On morality, crime, and justice 106

An all-powerful all-knowing good god was at work again recently when 26 people, 20 of them little children, were shot to death by a young man. God was busy saving some of the children, according to some whose children were not shot. And there are Christian priests and other liars and sentimentalists on TV talking about forgiveness. Forgiveness on behalf of the victims is an empty gesture, and the dead of course cannot forgive. Forgiveness is in any case part of the Christian doctrinal revolt against justice.

We won’t spend many moments considering such heartless nonsense. We will observe in passing, though, that if someone must believe in an all-powerful all-knowing god who controls the universe, it would make quite a bit more sense to believe he is evil. An evil god can be whimsical. He can decide not to do evil now and then. Believers could even ascribe good deeds to him without falling into a mess of inconsistency, since an evil god would enjoy confusing his creatures.

But enough bothering with idiotic beliefs. Let’s say how we view such human deeds. Throughout our lives we are continually and inevitably to a certain extent in the hands of other people. We should try not to do harm to one another. That is a very high standard of morality. We will not succeed, but we can and should try.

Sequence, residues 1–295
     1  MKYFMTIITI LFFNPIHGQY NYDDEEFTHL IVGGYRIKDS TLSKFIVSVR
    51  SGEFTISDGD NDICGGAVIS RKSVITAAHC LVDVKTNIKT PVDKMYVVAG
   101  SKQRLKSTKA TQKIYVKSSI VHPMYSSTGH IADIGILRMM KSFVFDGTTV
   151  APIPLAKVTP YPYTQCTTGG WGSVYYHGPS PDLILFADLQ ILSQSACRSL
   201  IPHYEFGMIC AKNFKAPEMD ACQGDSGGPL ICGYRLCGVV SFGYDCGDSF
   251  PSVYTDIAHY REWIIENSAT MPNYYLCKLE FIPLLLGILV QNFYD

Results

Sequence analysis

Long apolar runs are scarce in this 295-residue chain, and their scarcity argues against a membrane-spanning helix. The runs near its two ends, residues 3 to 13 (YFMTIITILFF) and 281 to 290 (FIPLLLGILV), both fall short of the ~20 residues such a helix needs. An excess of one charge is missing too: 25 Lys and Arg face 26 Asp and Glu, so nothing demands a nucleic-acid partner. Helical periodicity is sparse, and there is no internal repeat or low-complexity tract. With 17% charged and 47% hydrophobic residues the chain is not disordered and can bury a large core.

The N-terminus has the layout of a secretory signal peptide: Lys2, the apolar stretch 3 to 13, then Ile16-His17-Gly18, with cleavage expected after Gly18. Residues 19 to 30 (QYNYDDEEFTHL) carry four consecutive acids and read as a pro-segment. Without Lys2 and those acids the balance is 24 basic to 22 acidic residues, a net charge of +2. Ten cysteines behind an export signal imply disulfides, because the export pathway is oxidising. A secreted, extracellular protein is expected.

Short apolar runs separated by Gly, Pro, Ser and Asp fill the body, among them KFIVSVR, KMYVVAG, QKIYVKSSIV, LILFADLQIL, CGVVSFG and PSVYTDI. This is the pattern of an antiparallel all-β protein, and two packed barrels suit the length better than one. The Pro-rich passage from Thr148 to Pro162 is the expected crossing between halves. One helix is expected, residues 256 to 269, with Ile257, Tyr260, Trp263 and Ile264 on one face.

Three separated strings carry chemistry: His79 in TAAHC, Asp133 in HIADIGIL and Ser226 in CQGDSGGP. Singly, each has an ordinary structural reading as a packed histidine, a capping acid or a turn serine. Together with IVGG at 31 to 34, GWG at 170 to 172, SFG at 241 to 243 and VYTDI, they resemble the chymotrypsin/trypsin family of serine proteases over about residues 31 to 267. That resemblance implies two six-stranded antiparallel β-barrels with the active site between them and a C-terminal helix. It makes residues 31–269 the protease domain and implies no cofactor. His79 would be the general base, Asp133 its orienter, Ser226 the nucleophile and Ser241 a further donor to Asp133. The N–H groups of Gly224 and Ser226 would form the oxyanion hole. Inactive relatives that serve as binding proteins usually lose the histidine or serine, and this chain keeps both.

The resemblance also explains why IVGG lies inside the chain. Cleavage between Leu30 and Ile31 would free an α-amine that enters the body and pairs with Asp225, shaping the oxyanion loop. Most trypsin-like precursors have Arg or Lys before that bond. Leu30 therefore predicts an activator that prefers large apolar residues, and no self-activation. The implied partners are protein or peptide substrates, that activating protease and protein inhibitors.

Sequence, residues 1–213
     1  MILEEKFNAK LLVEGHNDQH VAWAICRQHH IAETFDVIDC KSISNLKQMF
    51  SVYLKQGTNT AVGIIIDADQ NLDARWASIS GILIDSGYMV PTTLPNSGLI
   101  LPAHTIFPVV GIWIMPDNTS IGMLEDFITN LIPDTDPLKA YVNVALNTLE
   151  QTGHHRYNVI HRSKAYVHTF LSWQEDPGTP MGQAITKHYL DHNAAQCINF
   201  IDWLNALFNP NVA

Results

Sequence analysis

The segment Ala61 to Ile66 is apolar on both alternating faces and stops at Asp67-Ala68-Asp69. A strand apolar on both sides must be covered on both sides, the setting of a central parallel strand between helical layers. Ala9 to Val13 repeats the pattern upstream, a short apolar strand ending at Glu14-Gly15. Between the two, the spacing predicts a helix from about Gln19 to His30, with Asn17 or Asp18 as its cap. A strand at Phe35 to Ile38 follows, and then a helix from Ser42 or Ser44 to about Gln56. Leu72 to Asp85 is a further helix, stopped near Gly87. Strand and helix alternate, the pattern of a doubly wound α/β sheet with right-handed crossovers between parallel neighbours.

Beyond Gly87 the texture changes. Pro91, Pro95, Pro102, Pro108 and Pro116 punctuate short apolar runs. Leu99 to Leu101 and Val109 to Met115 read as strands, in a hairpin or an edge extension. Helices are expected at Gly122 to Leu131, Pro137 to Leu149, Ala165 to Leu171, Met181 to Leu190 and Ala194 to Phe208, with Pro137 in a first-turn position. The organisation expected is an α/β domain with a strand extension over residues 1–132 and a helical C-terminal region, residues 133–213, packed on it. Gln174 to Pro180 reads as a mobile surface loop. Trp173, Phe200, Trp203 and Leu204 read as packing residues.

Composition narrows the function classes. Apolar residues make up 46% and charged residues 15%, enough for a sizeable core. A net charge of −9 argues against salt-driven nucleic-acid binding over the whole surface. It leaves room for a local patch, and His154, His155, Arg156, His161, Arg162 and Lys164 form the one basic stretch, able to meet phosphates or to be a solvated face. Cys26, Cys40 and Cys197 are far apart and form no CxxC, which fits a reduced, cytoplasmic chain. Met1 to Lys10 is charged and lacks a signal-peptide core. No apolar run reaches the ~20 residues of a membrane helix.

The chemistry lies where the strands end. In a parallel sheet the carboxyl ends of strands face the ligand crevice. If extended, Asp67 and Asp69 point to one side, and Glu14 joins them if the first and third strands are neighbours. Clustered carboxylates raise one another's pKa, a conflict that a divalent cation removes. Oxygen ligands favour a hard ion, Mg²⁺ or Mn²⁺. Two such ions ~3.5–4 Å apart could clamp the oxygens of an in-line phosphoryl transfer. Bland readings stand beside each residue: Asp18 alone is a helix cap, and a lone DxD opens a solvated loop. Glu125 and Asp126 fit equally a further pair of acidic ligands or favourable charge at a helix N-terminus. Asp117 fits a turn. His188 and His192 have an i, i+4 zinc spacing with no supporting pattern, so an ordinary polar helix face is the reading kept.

And what of those who deliberately do harm? Whenever possible they should be punished. He who has taken a life (and lives on) should have his life taken from him. If he has taken many lives, there is nothing more that can be done. Punishment of the mass-murderer cannot be commensurate with his crime. Justice is elusive. We cannot always, or often, achieve it. But again, we can and should try.

When someone kills 26 people, 20 of them little children, and then kills himself, so putting himself beyond even such justice as is within our power, all we can do is blame him and express – yes – our hatred not just of the deed but of the perpetrator. Hold him responsible. That is all we can do in such a case to uphold the principle of justice. To forgive him, even if only in theory, would be to commit another crime – and resign the principle.

As we say in our Articles of reason: Justice may be elusive, but judgment is inescapable.

Posted under Commentary, Crime, Ethics, United States by Jillian Becker on Sunday, December 16, 2012

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